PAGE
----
U.S. Energy News

U.S. seeing record year for solar, with utilities leading the way

SOLAR: The U.S. is on track for a record year for solar installation, with utilities leading the way. (Bloomberg)

• A coal-dependent Texas utility announces plans to develop 116 MW of solar. (Texas Tribune)
• A $1.2 million Colorado program will help bring community solar to low-income areas. (PV Magazine)
Former mega-lobbyist Jack Abramoff, who did time for corruption and now considers himself a reformer, is supporting a proposed ballot measure advancing solar energy in Florida. (Palm Beach Post)
• State officials say Massachusetts will exceed its goal for solar power if lawmakers lift a cap on net metering. (Springfield Republican)
• A New York county considers a 28 acre solar project that would be the largest in the state outside Long Island. (Rochester Democrat & Chronicle)

• A study pegs the cost of major economies’ carbon emissions since 1990 at $10 trillion. (InsideClimate News)
• A federal report says climate change could put Native Americans’ energy resources at risk, particularly in the West and Southwest. (Climate Central)
• A report says cities worldwide can save trillions of dollars and avoid 8 gigatons of CO2 emissions each year by investing in more efficient buildings, transportation and waste management. (Washington Post)
• The mayor of a Pennsylvania city says residents are seeing as much as a 4-to-1 payback from efforts to cut carbon emissions. (Allentown Morning Call)

• California lawmakers have until Friday to pass landmark climate legislation; legislators from low-income and minority districts are backing the proposals. (Reuters, Los Angeles Times)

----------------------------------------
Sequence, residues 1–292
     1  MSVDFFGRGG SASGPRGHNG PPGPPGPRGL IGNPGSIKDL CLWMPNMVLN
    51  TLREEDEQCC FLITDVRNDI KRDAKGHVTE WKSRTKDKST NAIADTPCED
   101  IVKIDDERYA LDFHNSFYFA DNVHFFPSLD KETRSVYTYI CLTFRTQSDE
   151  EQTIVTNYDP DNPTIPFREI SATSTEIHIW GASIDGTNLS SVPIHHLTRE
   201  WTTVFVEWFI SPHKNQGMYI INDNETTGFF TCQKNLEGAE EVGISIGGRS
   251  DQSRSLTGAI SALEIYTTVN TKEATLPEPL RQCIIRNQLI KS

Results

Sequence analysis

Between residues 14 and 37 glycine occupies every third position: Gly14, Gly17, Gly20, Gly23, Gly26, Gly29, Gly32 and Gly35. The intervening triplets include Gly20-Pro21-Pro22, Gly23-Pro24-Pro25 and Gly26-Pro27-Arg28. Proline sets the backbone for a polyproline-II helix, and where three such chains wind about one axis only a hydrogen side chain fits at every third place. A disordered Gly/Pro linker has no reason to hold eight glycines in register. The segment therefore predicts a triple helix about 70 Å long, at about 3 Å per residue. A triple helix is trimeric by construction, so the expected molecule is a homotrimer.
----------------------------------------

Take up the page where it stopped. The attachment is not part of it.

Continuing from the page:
• FERC chairman Norman Bay says he doesn’t understand perceptions that the agency is enigmatic and difficult to predict. (EnergyWire)

• Opponents seek to invalidate permits for a proposed Utah wind farm. (Salt Lake Tribune)
• A video captures the controversy over a Maine wind project. (Yale E360)

TECHNOLOGY: Could fuel cells help lower carbon emissions from coal-fired power plants? (Greentech Media)

• Recent polling shows wide support in North Dakota for more regulations on natural gas flaring. (Midwest Energy News)
• Meanwhile, cleanup of a 2013 pipeline spill in North Dakota is moving slowly because of a lack of natural gas needed to power equipment. (Associated Press)

OFFSHORE DRILLING: Rising sea levels make access to Louisiana’s Highway 1 increasingly difficult for companies serving oil and gas production companies in the Gulf of Mexico. (EnergyWire)

• Nevada hires a former deputy attorney general to help the state fight the Yucca Mountain waste project. (Las Vegas Review-Journal)
• Due to budget constraints, federal regulators have ended a study to determine the risks of cancer near nuclear power plants. (The Hill)

HYDRO: Owners of small hydro facilities in Michigan say major investor-owned utilities plan to cut power purchases in half over the coming years as contracts expire. (Crain’s Detroit Business)

GRID: As costs continue to decline, 2015 is on pace to the best year ever for battery storage and the market is “on a growth trajectory.” (Utility Dive)

ELECTRIC CARS: Low gasoline prices slow sales for electric and hybrid vehicles as consumers opt for trucks and SUVs. (ClimateWire)

COMMENTARY: A new documentary captures the impact of the coal industry on Appalachian families. (Huffington Post)

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